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The Trump Administration Is Now Trying to End Protections for Those With Pre-Existing Conditions and Democrats Are Hitting Back

The Trump Administration Is Now Trying to End Protections for Those With Pre-Existing Conditions and Democrats Are Hitting Back
WASHINGTON, DC - JUNE 08: U.S. President Donald Trump talks to reporters as he departs the White House June 8, 2018 in Washington, DC. Trump is traveling to Canada to attend the G7 summit before heading to Singapore on Saturday for a planned U.S.-North Korea summit. (Photo by Chip Somodevilla/Getty Images)

Repealing Obamacare without Congress.

The United States Department of Justice filed a brief in federal court on Thursday claiming the provision in the Affordable Care Act which guarantees coverage to people with pre-existing conditions is unconstitutional.

Attorney General Jeff Sessions wrote that DOJ will refuse to defend protections for people with pre-existing conditions, which is one of the most popular aspects of the ACA, also known as Obamacare. Sessions also said DOJ will no longer defend statutes that bar insurers for charging different rates based on gender, age, or health status.


Last fall, the Tax Cuts & Jobs Act, throttled through Congress by the Republican majority and signed by President Donald Trump, repealed the Obamacare individual mandate, which required all Americans to sign up for health insurance or pay a fine.

Thursday's move by the Justice Department is the latest in a pattern of sabotage of President Barack Obama's signature domestic achievement by the Trump administration and Republicans in Congress and in statehouses across the country.

“Congress found that enforcing guaranteed issue and community-rating requirements without an individual mandate would allow individuals to game the system by waiting until they were sick to purchase health insurance, thereby increasing the price of insurance for everyone else — the polar opposite of what Congress sought in enacting the ACA,” DOJ said in its brief.

In a nutshell, Sessions is saying that people with pre-existing conditions are waiting for their chance to scam the system by only buying insurance when they get sick. This is a demonstrably false and ridiculous assertion. I can say as someone with a pre-existing condition - being without insurance is not an option. These protections are in place so people can get the care they need without having to go bankrupt in the process.

In February, 20 states sued the federal government, claiming that without the individual mandate, the ACA is no longer constitutional. Sessions argued that without the individual mandate, requiring coverage for pre-existing conditions and prohibiting insurers from charging members of a community different rates are also unconstitutional.

House Minority Leader Nancy Pelosi (D-CA) slammed the court filing, referring to it as "cynical sabotage."

"Tonight, the Trump Administration took its cynical sabotage campaign of Americans’ health care to a stunning new low," Pelosi said in a statement. "Once again, Republicans are trying to destroy protections for Americans with pre-existing conditions. The Trump Administration is perpetuating the same cruel vision of higher costs and less coverage that House Republicans voted for in the monstrosity of Trumpcare."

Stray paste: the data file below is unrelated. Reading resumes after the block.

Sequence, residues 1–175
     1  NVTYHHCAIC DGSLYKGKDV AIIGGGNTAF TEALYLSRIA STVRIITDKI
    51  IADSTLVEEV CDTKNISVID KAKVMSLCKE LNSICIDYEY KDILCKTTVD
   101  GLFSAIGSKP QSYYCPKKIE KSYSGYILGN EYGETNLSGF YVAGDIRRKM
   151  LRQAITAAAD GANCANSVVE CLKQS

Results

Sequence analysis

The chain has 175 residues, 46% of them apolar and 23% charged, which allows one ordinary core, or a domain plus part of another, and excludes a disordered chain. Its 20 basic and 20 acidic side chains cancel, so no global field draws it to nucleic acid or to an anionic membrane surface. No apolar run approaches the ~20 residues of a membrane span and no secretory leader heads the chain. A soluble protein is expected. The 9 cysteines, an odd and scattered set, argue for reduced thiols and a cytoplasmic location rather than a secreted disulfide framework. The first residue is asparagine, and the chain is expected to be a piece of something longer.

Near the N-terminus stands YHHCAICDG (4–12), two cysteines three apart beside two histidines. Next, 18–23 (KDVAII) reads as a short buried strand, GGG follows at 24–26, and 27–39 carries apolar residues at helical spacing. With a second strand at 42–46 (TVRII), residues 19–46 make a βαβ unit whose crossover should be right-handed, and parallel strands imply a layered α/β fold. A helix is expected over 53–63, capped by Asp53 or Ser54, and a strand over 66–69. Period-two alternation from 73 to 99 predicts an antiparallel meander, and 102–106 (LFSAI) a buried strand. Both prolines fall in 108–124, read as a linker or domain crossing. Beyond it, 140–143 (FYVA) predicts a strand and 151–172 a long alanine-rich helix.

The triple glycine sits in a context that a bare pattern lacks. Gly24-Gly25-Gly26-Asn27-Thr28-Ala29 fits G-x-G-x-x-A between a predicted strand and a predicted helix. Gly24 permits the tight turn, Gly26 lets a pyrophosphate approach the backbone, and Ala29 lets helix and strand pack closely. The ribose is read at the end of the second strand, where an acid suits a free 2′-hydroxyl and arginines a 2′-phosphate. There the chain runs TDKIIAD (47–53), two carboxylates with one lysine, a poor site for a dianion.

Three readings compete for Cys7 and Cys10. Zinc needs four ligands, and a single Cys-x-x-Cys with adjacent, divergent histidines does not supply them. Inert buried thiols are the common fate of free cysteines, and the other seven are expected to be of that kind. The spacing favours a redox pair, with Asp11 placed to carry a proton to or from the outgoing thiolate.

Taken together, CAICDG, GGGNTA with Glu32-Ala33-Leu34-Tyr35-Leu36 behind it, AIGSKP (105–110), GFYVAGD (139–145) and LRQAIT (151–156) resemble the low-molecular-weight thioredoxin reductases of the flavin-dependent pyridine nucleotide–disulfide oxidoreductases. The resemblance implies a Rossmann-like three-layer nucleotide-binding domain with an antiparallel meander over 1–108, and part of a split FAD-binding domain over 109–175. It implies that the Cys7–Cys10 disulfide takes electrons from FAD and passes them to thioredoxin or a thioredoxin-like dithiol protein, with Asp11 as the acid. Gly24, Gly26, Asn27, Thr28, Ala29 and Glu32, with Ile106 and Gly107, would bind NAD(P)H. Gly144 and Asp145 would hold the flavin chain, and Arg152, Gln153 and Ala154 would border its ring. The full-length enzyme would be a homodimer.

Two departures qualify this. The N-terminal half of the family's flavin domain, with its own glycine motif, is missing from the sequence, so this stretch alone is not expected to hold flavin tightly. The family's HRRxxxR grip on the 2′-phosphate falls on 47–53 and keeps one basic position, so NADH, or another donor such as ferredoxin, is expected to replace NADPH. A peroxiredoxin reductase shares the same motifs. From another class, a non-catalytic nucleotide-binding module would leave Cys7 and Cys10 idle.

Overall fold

Insurers are set to announce premiums for 2019 shortly before the midterms in November, and rates are expected to jump significantly due to the Trump administration's reckless meddling in the insurance market. Uncertainty in the insurance market causes premiums to rise, and this is what can be expected in the wake of the Trump administration's assault on health care.

Larry Levitt, a senior vice president at the Kaiser Family Foundation, tore into DOJ's position on Twitter, saying that premiums will increase due to uncertainty.

He also pointed out that 27 percent of Americans have some sort of pre-existing condition. The ten states with the highest rates all voted overwhelmingly for Trump in the 2016 election.

Should the courts side with Sessions and the Justice Department, the Affordable Care Act's days may be numbered.

Senator Bob Casey (D-PA) vowed to fight Republicans "every step of the way" to keep people's health insurance in place.

Brian Schatz, Hawaii's freshman Democratic Senator, said that Republicans are "going after the most popular" provision in the ACA.

Last year, a Kaiser Family Foundation poll showed that 70 percent of respondents favored prohibiting insurers from charging higher premiums for people with pre-existing conditions. Among Republicans, 59 percent felt the same way.

Randy Bryce, the Democrat vying for House Speaker Paul Ryan's seat in Wisconsin, said that "we have to stop" Trump.

"Terrible," tweeted Senator Mark Warner (D-VA).

Senator Jack Reed (D-RI) called Sessions' request "unconscionable."

Beto O'Rourke, the Democrat challenging incumbent Texas Republican Senator Ted Cruz, noted that 11 million Texans under the age of 65 have pre-existing conditions. "That's half of us," he said.

Nearly 2 million Texas have been able to gain coverage thanks to the provision.

Others accused Trump of politicizing the Justice Department as a response to Special Counsel Robert Mueller's investigation into the Trump campaign's relationships with Russia and other foreign confederates.

As the future of the ACA becomes more uncertain, Americans are being left with fewer and fewer options when it comes to health insurance. For the millions of people who rely on Medicaid, or who don't get insurance through their employers, there could be a world of hurt coming. And voters should keep this in mind when they go to the ballot box a mere 5 months from now.

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